Food Matters

Food Matters – Farm Bill, Food Stamps, Classy Food, Farm Innovation

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Food Matters Update July 2013:

See Hunger Games, U.S.A. by Paul Krugman for the latest farm bill passed in the U.S. House, increasing subsidies to corporate farms and completely cutting food stamps. Wow.

  1. Food MattersWelfare for the Wealthy by Mark Bittman, author of Food Matters: A Guide to Conscious Eating with More Than 75 Recipes:

    The critically important Farm Bill is impenetrably arcane, yet as it worms its way through Congress, Americans who care about justice, health or the environment can parse enough of it to become outraged. . . .
    Avoid fatalism: Call your representative (or at least support those agencies that are doing so) . . . . Let’s at least try to protect the poor, the environment and our national health.

  2. Call for Proposals, Food Across Borders – Production, Consumption, and Boundary Crossing in North America:

    Recent criticism of our global food system has obscured a longer, and still healthy, tradition of food cultivation and circulation among nations. Our own national diets are a product of long-existing agricultural empires across the North American continent. This is especially true in relationship to Mexico: corn, chocolate and peppers are just three of the many indigenous foods that became central to the diets of other nations, including cuisines of the United States. North of the border, Canada has played a significant role in the cultivation of grain for both nations and is a consumer of many U.S. products. In terms of U.S. agriculture, without Mexican workers, our national food production system would not function. These conditions reveal a transnational project, north and south, which have existed for more than a century. Food Across Borders seeks to examine this world in which boundaries create exclusions and dialogs, coercions and collaborations. In our examination we hope to uncover both the ways that boundaries represent true divides in terms of rights and power, and also create and reify false categories of “inside” and “outside” that often do not fit the realities of our current food system.

    [Thanks to Richard Wilk for the link]

  3. Classy Food by anthropologist Paul Stoller.

    Recent work in anthropology and sociology suggests that increasing social inequality is deepening divisions of social class. In America class division is evident in our rhetoric about food, in the debates about cutting food stamps, in how we dress, talk, eat, and entertain ourselves. Class division is creating unthinkable third world social realities in the world’s “richest” nation. Class division is beginning to shred the American social fabric–50 million people are hungry. In the absence of a social contract, how can our society prosper?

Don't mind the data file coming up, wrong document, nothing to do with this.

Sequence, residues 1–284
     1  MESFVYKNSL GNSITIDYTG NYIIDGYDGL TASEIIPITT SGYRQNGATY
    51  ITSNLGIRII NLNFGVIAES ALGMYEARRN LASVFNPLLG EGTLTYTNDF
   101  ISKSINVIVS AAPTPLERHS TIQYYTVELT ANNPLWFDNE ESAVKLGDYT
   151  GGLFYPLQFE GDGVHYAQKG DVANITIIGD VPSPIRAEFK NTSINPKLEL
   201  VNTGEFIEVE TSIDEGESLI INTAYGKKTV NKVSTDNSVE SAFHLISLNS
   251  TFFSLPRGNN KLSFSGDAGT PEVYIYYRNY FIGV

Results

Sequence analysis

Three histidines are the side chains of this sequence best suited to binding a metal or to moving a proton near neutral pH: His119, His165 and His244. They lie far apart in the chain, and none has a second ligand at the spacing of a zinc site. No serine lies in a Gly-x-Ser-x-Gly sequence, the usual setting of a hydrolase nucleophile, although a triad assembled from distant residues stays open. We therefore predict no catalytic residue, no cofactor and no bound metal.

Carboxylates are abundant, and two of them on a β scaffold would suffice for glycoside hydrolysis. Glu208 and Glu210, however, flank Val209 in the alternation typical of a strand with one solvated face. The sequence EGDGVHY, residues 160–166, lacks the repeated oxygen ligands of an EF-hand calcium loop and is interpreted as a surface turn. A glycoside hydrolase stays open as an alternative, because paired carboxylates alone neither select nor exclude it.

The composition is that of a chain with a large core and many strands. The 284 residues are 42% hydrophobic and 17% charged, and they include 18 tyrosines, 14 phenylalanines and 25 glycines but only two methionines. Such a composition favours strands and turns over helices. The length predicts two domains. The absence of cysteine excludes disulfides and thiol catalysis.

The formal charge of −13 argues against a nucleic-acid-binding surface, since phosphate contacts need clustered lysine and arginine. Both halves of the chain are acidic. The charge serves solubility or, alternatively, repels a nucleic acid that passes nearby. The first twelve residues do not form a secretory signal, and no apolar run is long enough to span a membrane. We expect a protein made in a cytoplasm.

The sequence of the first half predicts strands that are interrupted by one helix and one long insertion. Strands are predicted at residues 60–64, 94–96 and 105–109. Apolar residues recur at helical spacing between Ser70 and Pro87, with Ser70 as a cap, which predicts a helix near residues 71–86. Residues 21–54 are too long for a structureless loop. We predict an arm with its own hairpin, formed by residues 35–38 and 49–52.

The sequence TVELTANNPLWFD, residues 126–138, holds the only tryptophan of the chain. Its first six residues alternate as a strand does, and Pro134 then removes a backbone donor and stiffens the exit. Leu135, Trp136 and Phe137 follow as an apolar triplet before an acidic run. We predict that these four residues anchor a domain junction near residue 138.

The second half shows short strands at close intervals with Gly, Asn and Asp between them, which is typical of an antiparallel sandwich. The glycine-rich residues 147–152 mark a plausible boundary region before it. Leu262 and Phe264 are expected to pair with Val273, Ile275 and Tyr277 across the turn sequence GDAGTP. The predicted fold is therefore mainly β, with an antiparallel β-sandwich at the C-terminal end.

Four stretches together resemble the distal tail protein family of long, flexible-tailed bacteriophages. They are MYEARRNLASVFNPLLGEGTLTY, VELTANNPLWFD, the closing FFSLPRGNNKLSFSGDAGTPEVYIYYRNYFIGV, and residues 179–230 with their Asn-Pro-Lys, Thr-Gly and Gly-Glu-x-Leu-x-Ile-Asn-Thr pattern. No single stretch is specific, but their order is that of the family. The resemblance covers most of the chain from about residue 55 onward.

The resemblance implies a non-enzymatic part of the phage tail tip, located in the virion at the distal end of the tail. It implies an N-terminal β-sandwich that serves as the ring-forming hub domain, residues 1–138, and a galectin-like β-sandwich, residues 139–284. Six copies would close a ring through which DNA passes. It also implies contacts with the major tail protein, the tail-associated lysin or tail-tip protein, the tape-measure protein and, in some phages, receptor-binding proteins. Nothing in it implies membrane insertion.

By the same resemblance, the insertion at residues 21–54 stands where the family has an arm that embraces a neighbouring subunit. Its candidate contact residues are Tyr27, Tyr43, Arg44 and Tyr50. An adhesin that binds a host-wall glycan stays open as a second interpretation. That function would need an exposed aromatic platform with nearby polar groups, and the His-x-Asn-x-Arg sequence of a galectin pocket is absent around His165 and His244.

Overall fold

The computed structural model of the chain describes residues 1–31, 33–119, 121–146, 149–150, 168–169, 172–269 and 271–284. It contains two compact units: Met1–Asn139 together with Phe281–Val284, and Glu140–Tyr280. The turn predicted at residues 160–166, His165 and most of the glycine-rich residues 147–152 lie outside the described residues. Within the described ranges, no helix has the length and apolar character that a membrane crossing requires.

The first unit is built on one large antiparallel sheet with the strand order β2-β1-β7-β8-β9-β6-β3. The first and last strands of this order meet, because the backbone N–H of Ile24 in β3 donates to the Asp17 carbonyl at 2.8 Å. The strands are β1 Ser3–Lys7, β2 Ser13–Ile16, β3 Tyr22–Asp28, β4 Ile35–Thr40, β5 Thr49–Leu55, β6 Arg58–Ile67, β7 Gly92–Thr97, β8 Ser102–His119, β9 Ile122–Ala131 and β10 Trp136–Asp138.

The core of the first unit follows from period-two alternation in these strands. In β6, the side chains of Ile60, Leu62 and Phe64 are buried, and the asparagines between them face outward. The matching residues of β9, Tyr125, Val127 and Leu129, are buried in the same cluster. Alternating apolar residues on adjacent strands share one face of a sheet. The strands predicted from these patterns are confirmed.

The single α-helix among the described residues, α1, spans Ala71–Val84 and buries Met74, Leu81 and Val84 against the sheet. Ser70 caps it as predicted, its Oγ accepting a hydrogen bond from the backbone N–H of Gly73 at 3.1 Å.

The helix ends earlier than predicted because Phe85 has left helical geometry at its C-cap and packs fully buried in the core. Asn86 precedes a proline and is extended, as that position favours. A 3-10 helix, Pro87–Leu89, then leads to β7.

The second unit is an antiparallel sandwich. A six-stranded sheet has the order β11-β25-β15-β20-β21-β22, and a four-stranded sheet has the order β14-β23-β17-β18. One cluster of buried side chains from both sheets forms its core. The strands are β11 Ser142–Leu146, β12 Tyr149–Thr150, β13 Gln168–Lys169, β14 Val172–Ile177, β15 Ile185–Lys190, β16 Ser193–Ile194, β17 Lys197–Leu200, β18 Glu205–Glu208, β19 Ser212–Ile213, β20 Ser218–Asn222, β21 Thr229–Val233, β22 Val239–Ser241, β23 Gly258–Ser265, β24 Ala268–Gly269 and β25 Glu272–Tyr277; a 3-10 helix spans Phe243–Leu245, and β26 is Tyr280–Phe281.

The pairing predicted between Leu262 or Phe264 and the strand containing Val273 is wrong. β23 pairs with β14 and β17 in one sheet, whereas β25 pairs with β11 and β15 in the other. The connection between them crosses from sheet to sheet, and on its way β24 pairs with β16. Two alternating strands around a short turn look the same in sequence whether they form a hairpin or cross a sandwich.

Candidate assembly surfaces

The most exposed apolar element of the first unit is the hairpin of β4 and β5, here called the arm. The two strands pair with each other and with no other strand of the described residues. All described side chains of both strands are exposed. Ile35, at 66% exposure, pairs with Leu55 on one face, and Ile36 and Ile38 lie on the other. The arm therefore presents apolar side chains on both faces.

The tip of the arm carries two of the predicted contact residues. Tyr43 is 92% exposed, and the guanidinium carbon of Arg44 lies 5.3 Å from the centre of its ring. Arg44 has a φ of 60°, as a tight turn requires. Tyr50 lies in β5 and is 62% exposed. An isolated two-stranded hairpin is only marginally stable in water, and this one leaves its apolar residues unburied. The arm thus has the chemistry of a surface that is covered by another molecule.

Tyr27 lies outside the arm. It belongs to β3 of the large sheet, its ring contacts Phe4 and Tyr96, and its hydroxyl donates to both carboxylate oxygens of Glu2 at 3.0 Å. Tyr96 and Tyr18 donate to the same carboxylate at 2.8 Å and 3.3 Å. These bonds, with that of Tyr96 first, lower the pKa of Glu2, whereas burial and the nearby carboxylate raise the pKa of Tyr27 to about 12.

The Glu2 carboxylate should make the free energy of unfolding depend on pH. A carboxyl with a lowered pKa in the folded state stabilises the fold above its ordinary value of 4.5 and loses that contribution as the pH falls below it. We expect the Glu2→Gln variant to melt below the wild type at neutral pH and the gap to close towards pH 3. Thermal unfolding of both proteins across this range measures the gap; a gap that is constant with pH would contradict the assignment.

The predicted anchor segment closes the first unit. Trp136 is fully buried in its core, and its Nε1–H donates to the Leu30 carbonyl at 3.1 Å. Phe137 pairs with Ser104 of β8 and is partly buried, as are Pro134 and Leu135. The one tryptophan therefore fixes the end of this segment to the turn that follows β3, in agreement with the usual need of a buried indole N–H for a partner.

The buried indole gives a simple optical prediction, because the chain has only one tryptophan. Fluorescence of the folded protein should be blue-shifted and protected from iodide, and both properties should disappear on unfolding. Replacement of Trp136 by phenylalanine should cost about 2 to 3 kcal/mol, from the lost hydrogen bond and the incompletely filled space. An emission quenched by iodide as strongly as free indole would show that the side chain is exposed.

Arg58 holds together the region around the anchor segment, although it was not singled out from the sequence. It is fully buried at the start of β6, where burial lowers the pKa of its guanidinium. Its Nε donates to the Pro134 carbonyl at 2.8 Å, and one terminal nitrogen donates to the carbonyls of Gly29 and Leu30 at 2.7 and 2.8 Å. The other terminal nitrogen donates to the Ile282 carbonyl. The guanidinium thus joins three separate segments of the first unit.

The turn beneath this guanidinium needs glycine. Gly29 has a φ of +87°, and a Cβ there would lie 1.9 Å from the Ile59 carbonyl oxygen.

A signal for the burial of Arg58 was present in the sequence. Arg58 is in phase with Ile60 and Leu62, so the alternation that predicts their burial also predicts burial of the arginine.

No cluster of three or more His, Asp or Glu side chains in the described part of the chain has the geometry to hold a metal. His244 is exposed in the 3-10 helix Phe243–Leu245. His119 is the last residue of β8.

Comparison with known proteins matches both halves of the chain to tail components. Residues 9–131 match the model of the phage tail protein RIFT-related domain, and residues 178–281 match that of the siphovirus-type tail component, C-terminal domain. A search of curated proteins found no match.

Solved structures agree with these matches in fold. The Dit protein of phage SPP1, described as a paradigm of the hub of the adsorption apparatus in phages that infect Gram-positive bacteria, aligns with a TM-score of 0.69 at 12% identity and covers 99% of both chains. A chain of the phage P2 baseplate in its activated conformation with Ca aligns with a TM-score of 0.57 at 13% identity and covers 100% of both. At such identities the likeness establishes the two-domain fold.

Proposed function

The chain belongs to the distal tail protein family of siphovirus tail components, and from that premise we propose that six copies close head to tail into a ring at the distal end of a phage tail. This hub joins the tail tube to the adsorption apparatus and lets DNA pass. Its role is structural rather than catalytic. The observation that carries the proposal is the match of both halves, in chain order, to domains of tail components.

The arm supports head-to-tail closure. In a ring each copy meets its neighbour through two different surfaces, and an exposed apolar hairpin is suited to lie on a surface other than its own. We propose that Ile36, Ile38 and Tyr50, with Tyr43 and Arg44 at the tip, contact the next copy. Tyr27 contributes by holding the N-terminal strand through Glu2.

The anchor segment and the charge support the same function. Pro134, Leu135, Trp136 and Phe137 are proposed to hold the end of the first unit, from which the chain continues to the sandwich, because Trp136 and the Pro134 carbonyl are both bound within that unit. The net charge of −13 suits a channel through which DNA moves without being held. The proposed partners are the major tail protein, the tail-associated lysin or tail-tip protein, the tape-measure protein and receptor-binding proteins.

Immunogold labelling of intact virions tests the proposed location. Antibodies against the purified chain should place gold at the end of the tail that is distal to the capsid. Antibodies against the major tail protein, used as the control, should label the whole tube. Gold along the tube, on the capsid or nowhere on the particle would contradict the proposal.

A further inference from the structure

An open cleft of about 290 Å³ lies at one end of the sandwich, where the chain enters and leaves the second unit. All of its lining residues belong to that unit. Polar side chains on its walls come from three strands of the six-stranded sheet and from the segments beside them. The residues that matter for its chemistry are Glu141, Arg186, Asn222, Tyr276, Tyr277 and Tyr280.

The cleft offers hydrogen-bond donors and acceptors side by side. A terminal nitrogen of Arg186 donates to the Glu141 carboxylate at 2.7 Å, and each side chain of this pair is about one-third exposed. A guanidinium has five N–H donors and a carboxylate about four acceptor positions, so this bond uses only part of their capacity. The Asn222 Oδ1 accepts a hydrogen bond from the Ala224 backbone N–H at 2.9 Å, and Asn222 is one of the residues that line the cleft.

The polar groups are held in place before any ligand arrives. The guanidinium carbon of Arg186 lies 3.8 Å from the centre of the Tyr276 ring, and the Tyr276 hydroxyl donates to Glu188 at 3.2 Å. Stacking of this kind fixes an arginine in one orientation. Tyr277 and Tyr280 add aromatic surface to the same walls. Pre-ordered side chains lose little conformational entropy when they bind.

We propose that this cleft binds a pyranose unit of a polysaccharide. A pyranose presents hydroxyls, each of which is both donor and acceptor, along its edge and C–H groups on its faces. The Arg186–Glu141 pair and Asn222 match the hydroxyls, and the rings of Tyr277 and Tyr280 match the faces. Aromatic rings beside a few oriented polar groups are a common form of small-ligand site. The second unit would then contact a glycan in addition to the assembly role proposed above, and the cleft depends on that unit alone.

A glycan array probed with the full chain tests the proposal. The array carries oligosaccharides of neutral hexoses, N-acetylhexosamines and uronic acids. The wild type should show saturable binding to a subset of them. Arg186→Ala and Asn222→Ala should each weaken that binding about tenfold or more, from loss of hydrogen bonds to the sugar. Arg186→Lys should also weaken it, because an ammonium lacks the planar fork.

4. From the Mouths of Babes by Paul Krugman:

    Look, I understand the supposed rationale: We’re becoming a nation of takers, and doing stuff like feeding poor children and giving them adequate health care are just creating a culture of dependency — and that culture of dependency, not runaway bankers, somehow caused our economic crisis. But I wonder whether even Republicans really believe that story — or at least are confident enough in their diagnosis to justify policies that more or less literally take food from the mouths of hungry children. As I said, there are times when cynicism just doesn’t cut it; this is a time to get really, really angry.

  5. We’re All to Blame for MOOCs:

    If it is indeed time to “get big or get out”–or, better put, “get online or get an identity”–then I’m for the artisanal, the local, the educational equivalent of farmer’s markets. The irony is that while most professors embrace the ideal embodied in farmer’s markets, they have supported the evisceration of local institutional educational identity. It’s time to insist not only on locally grown food, but on local knowledge. I’d rather make and share my own beer than encourage my students to guzzle Budweiser.

    This one obviously belongs more with the previous Links on Teaching, Learning, Thinking or the Antifragile College Manifesto, but shows how in a strange way it all connects: what I’m currently writing about artisans, innovation and the local; food; and education at every level, from higher-education down to neighborhood schools.

  6. Also in the could-have-been-with-other-links category, the fact that I have been assigned How Stella Saved the Farm: A Tale About Making Innovation Happen for a new planning group, still working to defend liberal arts relevance. But why all this talk about farms when it comes to innovation?
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